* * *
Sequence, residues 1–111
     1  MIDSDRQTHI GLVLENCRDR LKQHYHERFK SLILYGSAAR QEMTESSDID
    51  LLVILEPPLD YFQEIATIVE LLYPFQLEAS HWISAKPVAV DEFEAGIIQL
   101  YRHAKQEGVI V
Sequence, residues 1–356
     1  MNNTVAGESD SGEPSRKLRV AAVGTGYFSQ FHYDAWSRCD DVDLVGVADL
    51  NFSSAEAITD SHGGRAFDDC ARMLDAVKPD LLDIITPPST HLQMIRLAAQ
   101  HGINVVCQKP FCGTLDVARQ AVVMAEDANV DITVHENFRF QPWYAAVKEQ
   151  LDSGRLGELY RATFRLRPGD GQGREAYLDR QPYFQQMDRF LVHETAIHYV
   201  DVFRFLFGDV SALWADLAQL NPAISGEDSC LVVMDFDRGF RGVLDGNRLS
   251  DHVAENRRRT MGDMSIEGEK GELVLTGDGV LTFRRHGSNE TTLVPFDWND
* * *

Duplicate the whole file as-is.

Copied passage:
Sequence, residues 1–111
     1  MIDSDRQTHI GLVLENCRDR LKQHYHERFK SLILYGSAAR QEMTESSDID
    51  LLVILEPPLD YFQEIATIVE LLYPFQLEAS HWISAKPVAV DEFEAGIIQL
   101  YRHAKQEGVI V
Sequence, residues 1–356
     1  MNNTVAGESD SGEPSRKLRV AAVGTGYFSQ FHYDAWSRCD DVDLVGVADL
    51  NFSSAEAITD SHGGRAFDDC ARMLDAVKPD LLDIITPPST HLQMIRLAAQ
   101  HGINVVCQKP FCGTLDVARQ AVVMAEDANV DITVHENFRF QPWYAAVKEQ
   151  LDSGRLGELY RATFRLRPGD GQGREAYLDR QPYFQQMDRF LVHETAIHYV
   201  DVFRFLFGDV SALWADLAQL NPAISGEDSC LVVMDFDRGF RGVLDGNRLS
   251  DHVAENRRRT MGDMSIEGEK GELVLTGDGV LTFRRHGSNE TTLVPFDWND